Clubbing of the feet can be a sign of lung cancer or heart disease. A symptom that appears in both toes and fingers, clubbing is often associated with lung cancer, chronic lung infection, heart disease, or intestinal disease. Lung cancer and heart disease decrease vascular resistance, which means blood flow to the small arteries in the toenails and fingertips will increase. Tissues swell, resulting in the clubbed looked.
- Pitted toenails
Pitted toenails can be a sign of psoriasis. If you find tiny holes, grooves, or ridges in your toenails, you may have nail psoriasis. Though most people who experience nail psoriasis also have skin psoriasis, it is not a guarantee.
- Spooned nails
Spooned nails can be a sign of anemia or lupus. Do you have a depression in the toenail deep enough to hold a water droplet? Also known as koilonychia, spoon-shaped toenails or fingernails can indicate iron deficiency, as well as the overproduction of iron, Raynaud’s Disease and sometimes lupus. Spooned nails occasionally appear in infants, but normalize in the first few years of life.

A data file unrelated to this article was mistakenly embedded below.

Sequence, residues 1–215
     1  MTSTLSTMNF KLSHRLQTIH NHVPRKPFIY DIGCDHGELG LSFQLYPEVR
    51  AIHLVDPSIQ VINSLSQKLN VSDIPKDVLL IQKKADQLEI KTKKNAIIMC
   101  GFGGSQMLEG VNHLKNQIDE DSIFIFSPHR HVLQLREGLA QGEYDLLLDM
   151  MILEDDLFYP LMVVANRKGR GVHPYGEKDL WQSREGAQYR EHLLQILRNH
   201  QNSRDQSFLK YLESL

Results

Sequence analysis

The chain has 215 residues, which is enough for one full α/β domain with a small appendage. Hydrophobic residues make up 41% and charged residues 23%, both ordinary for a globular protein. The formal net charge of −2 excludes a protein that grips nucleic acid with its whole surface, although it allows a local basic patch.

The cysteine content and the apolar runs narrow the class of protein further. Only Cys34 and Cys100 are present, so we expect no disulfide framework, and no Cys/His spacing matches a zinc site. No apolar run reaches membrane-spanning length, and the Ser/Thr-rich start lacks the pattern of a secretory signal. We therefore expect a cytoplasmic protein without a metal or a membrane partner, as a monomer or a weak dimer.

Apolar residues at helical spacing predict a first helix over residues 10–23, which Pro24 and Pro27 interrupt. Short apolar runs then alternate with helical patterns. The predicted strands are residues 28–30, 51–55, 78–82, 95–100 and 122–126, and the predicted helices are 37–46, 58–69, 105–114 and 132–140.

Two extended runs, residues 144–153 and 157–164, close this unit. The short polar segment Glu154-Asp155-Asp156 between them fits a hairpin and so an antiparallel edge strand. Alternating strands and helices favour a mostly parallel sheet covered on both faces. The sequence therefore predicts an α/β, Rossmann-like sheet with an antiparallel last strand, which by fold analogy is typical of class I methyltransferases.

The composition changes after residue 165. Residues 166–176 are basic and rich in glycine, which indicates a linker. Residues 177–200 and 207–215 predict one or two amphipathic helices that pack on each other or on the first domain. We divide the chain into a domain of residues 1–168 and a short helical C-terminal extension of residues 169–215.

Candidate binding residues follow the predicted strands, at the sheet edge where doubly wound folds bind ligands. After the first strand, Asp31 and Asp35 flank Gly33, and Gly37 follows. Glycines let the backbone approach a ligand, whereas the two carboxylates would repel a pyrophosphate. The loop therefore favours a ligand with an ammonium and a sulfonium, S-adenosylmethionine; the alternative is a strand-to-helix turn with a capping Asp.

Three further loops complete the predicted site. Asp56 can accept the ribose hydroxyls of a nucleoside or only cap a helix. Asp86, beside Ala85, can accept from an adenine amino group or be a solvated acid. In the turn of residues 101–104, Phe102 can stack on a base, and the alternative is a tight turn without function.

- A straight line under your toenails
A straight line under your toenails can be a sign of skin cancer. A dark, vertical line underneath a toenail could be acral lentiginous melanoma, or hidden melanoma—a form of skin cancer.
If you have any symptom listed above on your feet, it is important to see a podiatrist right away. Many of these underlying conditions can be very severe if not treated properly. Call Joseph Stuto, DPM of Brooklyn, New York. There Dr. Joseph A. Stuto and Joseph C. Stuto will examine your feet and test for any underlying conditions that may be causing your foot and ankle issues. Call 718-624-7537and make an appointment today. Act before a small problem becomes a big one.